Oh, and in case you were wondering…I decided to do my chest/back/ab workout after all. I’ve had so many carbs today that I am bursting at the seams to go lift, push, and pull some heavy stuff.

And, quite frankly, I’m so stuffed with high carb baked goodies today that I would probably wind up cleaning up my regurgitated breakfast, lunch and dinner from the treadmill if I attempted to run. :yuck:

Nutrition: 2000 calorie high zig zag free day

1: 3/4 c. FF cottage cheese and large navel orange
2: Navel orange and Einstein Bros. cranberry bagel
3: Oatmeal chocolate chip cookie (4″) and toasted coconut doughnut
4: 3 oz. grilled chicken with broccoli and 4 oz. sweet potato
5: Thai chicken pasta salad
6: 3/4 c. FF cottage cheese and large navel orange

Daily Supplements: multivitamin with iron, calcium 500 + D
Water for yesterday: 20 cups

6:00 PM Chest/Back/Abs
(Optional) 6:45 PM Moderate steady-state cardio – Treadmill (4 mph/ 10% incline / 25 minutes)

The Awful Truth:
1. 12 sour gummi worms, heh
2. 2-3 oz. assorted chips

Short-term Goals:
1. Print out new 50/30/20 recipes.
2. Adjust schedule for P90X series.
3. Work on paper doll project.
4. Do thumbnails for 5-6 new prints.
5. Clean the bathroom and kitchen.
6. Vacuum and tidy living room.

7 thoughts on “Cardio Ambivalence

  1. Act One, Scene Two

    You think to f##king much, soldier! You analyze every f##king, gd thing!
    You need to just get your little girlie ass in rapid motion while forcefully sucking in some oxygen and blowing out some carbon dioxide! You know what to do! So don’t let me hear you think while you move, let me hear you feel the run, feel the burn, feel the calories dripping off your little girlie ass. Now let’s go, go,

    All joking aside, you have to make a decision: big, muscular and slow? Or, lean, muscular and fast? Personally, I knew that I didn’t have the genetic make up to get as big and beefy as Arnold Schwarzenegger, but I could get fairly close to being as powerfully built and ripped as Bruce Lee.

  2. :prop: You know, they never ever take into account about your caloric afterburn, and how that affects your metabolism. It’s one of the huge reasons that fitday always seems to be way off for me. but I like your dedication. Maybe you could do a little bit of both workout plans? do whatever your heart tells you to. If you want to do the BFL one day, I’d do it. If you want to do the SGX plan another, I’d do it. If you want to do something else entirely, like play an hour of basketball or tennis, do that, too. Listen to your heart — it’s how I do it.

    You’re already a machine, you look fantastic, your diet is pretty strict yet unrestrictive (does that make sense?), and you’ve already achieved something most people will never ever attain in their entire life: the knowledge that when you put your mind to what you want, you can get it.

    All that aside, when you can do 10 pullups in a row, it’s time to throw on some weights to it 😉 But I know you’re not there yet, but with your dogged stubborness, I’m sure it’ll come up a lot sooner than you think.

  3. LOL, La Rue. Yes, I do need to make the decision about which direction I want to go. In the end, I know I will opt for the “lean, muscular, and fast” route, but I had to at least TRY for the Angela arms. I just don’t have the genetics for a huge, bulky upper body, and functional fitness is as important to me as aesthetic fitness. :dbell:

  4. You sound like you’re pretty dialed in, so don’t let the lack of calories fool you in the mirror and convince you that you could be doing differently
    And props on the cardio discipline. I can barely force myself to do much other than jump rope or swimming. Treadmills give me this creepy hamster-in-a-wheel vibe.

    As you know, you must build mass to cut it up (The book “Sliced” gets into this really well). If you haven’t yet tried this, try adding a “carb” day once a week starting about 3-4 weeks out. You’ll feel guilty about the additional 800 calories of yam and rice, but you’ll blow up. Your body will gladly metabolize anything in excess. Another option is to add another meal in the wee hours of the morning, like 4 a.m. If necessary, grab a jump rope and make that muscle stand out.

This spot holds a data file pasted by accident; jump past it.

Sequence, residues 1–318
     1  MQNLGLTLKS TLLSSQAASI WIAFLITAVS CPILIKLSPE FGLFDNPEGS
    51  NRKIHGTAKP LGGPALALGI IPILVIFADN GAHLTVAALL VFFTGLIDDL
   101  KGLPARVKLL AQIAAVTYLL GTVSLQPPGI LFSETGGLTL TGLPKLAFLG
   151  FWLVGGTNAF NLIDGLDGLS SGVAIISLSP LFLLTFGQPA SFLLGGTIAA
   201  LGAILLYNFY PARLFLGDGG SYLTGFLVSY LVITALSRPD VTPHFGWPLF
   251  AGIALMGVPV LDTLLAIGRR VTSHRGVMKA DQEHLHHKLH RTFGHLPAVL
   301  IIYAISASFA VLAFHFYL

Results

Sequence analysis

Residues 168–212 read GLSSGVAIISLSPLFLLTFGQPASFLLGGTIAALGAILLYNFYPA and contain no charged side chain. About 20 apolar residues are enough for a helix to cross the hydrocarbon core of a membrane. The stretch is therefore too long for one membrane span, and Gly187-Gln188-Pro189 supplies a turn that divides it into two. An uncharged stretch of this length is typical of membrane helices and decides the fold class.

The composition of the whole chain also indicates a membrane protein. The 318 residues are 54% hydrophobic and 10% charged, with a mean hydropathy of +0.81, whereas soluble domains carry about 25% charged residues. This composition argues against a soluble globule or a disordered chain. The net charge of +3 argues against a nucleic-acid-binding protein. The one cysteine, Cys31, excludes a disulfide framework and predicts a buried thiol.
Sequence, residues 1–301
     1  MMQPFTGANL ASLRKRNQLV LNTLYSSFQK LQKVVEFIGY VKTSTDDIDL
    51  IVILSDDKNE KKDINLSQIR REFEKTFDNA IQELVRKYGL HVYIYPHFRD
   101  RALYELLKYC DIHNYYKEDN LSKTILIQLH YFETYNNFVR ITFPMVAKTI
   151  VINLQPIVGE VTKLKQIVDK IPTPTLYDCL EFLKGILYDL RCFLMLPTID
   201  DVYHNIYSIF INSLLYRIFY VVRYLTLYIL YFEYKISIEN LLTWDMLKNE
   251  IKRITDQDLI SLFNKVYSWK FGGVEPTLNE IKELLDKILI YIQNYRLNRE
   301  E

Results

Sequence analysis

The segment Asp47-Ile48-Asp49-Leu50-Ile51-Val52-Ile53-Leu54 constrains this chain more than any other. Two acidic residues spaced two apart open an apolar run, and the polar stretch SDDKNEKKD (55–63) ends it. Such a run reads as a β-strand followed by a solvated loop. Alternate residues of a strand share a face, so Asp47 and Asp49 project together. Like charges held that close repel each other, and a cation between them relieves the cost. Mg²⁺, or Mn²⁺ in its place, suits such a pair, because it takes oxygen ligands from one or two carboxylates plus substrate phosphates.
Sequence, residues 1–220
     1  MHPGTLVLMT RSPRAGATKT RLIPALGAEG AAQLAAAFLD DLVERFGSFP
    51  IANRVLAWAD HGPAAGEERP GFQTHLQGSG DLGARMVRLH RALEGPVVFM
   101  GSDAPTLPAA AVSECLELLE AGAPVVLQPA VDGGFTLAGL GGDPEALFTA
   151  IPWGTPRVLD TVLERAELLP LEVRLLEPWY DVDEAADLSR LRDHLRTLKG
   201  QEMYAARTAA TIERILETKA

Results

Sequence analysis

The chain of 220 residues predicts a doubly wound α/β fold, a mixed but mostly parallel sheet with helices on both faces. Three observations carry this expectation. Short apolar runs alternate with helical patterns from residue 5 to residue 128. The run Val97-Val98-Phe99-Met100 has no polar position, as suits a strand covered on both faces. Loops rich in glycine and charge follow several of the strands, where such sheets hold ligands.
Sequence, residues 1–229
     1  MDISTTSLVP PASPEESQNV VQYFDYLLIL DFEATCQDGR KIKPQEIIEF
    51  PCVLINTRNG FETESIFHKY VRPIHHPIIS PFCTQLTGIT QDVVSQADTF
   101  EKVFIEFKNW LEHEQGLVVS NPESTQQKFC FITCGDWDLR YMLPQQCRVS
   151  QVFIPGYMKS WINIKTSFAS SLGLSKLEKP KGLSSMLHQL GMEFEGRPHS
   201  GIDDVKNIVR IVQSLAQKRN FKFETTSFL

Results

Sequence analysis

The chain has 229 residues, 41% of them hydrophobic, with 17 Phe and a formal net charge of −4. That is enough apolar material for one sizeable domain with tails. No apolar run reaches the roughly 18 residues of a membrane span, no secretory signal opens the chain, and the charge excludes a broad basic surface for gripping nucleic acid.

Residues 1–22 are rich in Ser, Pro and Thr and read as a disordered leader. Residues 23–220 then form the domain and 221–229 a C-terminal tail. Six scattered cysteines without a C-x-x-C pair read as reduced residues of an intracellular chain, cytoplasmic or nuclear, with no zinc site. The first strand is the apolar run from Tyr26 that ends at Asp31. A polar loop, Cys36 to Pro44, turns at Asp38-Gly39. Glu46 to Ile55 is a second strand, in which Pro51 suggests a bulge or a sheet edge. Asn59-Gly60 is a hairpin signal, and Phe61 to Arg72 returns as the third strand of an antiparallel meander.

What are you doing for arm training anyway?

  5. Andrea–If you are a number cruncher or if you need more structure to your plan than BFL provides and want to get lean, then yes, I highly recommend Leanness Lifestyle. It isn’t as “easy” as BFL, but it’s not impossible by any means. And it works.

    JAK–I did a mini-bulk this winter after hitting “goal” weight at a low of 128 lbs last November and put on 10 lbs in the process, some of it definitely in the upper body. :prop: Now I’m back on the cutting trail and using this opportunity to try out one or two other programs before I settle on which one works the best for me as I’m still a newbie to planning my own fitness routines.

    I’ve been doing the following for upper body workouts for the past 2 months or so, but I’m about to switch to more calisthenics/body weight based exercises for a while.

    * Flat Dumbell Press—10 reps, drop weight, 10 more reps x 2 (30 lbs, 27.5 lbs)
    * Dumbell Side Laterals—12 reps drop weight, 12 more reps x 2 (15 lbs, 12.5 lbs)
    * Lat Pulldowns—15 reps x 2 (85 lbs)
    * Dumbell Curls—15 reps x 2 (20 lbs)
    * Tricep Pushdowns-15 reps x 2 (80 lbs)

    * Stiff-Legged Deadlift from floor—15 reps x 2 (~80 lbs)
    * Dumbell Lying Rows—12 reps, drop weight 12 more x 2 (30 lbs, 27.5 lbs)
    * Straight Arm Standing Cable Pulldowns—20 reps x 2 (45 lbs)
    * Incline Dumbell Press—15 reps x 2 (30-35 lbs)
    * Dumbell Curls—10 reps, drop weight 10 more x 1 (20 lbs, 17.5 lbs)
    * Tricep Pushdowns—10 reps, drop weight, 10 more x 1 (85 lbs, 80 lbs)

  6. You certainly don’t seem like a newbie to all of this. You’re doing better than great.
    I’m glad you are digging the pullups. You can do supinated chins to force your biceps if you feel so inclined. As far as arms go, I’ve had great luck with all typs of chins/pulls, weighted dips, and what I call “reaper curls,” which is nothing more than 4 drop sets of incline dumbell curl and incline hammer curl. Sometimes I’ll alternate weeks by doing chest/tri and back/bi one week and just arms the next. Like you said, it’s all about finding out what works for you. Best of luck with that. It seems that you’ve got the right combination of intellectual curiosity and discipline, so your goals are going to be met soon enough. With the right cause, the right effect has to follow. Best of luck reaching them.